Of all the truly frightening moments of the process, the worst might have been the attempt at reassurance by Senator Lamar Alexander, who insisted that,
though Trump might have been mistaken to ask a foreign President to investigate his political rivals, he will now know that the right thing to have done would have been
to ask his Attorney General to start investigations.
That this idea—in itself a betrayal of every imaginable American constitutional principle
—was proposed as more appropriate is a true mark of the defeat of the rule of law.
Nothing now stands between Trump’s id and Trump’s actions.
3. Actually, Trump won, but it’s trivial.
Trump is an inherently weak President—one with a narrow base of support and zero persuasion skills, and, as of now,
one who is too chaotic to be much good at suppressing dissent.
His acts and their intended consequences are further apart than our fears and his unhinged rages make us believe.
Imagine if the plot had succeeded and the President of Ukraine actually announced investigations into the Bidens
—would anyone have actually been fooled about the origins of those investigations, aside from those among Trump’s followers who live to be fooled by him?
The true pattern of Trumpism—oafish chaos with self-defeating results, evil talk, and impotent action—will continue.
Nothing has altered.
The best efforts of Trump are horribly ugly but ultimately meaningless.
All that has happened is that we are exactly where we were before, but with one side marginally less passive and the other marginally more enraged.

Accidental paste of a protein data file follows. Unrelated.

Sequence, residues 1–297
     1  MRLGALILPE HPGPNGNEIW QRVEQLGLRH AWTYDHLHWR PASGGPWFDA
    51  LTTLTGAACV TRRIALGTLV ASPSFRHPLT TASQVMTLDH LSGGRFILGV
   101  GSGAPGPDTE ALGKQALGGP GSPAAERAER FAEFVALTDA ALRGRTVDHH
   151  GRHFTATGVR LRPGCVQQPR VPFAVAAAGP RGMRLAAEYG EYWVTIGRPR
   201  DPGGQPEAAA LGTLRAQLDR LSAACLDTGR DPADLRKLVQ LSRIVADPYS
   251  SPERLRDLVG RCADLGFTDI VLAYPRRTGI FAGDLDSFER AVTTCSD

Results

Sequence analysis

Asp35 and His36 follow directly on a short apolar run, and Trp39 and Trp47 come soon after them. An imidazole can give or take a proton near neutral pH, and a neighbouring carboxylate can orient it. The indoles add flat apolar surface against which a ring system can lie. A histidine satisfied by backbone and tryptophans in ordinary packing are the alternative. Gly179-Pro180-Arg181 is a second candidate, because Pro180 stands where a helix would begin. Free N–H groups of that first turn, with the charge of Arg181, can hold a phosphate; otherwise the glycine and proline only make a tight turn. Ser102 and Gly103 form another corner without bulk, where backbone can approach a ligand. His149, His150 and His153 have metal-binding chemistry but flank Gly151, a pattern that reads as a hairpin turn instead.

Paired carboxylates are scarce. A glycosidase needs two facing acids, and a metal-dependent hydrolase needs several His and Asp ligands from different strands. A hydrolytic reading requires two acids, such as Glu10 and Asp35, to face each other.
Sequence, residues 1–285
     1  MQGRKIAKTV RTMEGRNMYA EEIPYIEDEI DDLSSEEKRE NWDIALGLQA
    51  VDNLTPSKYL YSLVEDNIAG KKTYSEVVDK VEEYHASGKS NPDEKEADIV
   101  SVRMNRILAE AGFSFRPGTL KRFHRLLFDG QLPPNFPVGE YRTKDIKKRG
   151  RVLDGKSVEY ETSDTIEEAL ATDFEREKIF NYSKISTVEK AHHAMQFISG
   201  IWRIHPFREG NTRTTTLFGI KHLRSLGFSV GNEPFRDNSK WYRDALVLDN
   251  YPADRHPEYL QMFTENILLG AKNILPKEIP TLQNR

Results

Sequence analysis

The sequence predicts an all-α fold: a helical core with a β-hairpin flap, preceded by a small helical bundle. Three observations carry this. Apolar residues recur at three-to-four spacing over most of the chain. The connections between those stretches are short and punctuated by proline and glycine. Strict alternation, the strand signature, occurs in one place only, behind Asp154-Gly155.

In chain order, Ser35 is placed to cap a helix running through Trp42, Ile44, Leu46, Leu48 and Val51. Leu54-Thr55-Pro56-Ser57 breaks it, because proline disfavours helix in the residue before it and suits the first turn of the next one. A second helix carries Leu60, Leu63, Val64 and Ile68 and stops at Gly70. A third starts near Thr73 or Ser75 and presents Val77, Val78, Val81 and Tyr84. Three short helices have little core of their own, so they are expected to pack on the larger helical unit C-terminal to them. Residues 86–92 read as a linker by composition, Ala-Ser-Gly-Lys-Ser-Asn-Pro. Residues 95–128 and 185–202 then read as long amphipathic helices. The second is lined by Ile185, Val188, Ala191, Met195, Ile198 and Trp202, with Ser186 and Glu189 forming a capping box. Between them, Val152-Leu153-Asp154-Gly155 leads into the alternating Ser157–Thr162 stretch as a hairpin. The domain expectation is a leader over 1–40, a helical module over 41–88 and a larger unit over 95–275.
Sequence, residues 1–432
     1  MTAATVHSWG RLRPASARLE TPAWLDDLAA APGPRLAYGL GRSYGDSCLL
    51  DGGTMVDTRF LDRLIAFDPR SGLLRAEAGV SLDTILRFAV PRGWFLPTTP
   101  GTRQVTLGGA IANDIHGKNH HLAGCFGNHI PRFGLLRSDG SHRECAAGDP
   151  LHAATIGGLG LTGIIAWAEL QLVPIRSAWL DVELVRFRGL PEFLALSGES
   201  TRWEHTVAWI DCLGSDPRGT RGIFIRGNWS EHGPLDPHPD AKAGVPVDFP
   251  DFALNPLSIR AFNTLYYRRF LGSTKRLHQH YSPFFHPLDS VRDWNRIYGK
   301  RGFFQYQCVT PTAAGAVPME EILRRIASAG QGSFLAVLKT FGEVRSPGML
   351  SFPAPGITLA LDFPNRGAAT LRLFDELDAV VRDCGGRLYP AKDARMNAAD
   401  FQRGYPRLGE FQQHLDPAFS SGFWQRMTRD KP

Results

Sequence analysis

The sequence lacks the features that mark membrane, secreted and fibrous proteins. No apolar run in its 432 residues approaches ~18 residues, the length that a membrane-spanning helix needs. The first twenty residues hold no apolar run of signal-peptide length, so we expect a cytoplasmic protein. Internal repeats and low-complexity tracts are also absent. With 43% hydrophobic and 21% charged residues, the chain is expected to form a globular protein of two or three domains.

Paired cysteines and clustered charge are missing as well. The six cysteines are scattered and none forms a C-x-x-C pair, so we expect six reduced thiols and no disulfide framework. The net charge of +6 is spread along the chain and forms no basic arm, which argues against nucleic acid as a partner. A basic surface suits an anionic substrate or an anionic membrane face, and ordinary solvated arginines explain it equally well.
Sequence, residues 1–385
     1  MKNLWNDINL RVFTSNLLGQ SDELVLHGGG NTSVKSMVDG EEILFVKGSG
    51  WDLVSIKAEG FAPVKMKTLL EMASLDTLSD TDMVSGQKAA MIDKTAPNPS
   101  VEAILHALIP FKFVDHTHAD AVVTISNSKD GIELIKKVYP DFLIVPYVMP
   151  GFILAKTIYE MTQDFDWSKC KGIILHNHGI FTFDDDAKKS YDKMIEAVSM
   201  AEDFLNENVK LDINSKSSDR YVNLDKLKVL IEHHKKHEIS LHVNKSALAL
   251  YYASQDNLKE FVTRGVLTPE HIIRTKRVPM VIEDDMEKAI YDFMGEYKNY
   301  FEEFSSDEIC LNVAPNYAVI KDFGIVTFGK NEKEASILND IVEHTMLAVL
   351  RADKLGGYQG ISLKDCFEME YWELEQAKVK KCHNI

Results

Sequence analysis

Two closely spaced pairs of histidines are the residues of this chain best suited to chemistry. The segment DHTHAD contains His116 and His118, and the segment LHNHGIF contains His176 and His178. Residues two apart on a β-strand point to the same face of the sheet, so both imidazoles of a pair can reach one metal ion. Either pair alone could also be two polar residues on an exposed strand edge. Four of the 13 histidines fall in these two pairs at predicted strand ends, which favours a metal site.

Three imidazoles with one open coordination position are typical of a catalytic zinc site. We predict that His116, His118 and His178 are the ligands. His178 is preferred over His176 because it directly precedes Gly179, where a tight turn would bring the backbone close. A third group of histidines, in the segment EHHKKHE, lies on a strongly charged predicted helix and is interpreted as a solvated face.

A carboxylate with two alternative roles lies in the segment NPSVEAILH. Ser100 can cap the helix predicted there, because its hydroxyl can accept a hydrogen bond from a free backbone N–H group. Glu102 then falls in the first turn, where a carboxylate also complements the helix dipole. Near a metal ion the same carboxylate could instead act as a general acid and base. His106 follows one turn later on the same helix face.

Allowing Trump to have gotten away with his “perfect” phone call would seem to us now far worse as policy,
while having exactly the same effect of creating an ever more unbounded Trump.
A Trump not called to order would be no different than one who has been.
And you know what? Actually, Trump lost.
The idea of a “verdict of history” is an absurdity.
But the verdict of verdicts is not. In this regard, Mitt Romney’s speech was, however impotent judicially, dispositive morally.
Scoffing at the idea that Trump’s behavior was not impeachable, showing that it obviously was, Romney ended all ambiguity and spoke for the truth, and to history.
4. Adam Schiff’s eloquence will always be remembered.
Certainly, the most permanent moment of the entire impeachment lay in Schiff’s performance before the Senate as the lead House manager.
Often speaking extemporaneously, with a sobriety and a carefully paced intelligence that one might have thought had vanished entirely from the American lectern
, let alone American politics, he was, without exaggeration, Lincoln-like.
Lincoln-like, that is, in a highly specific, formal way: he laid a careful, even tedious foundation of elaborate law and evidence,
and then rose to moral exhortation only on that basis.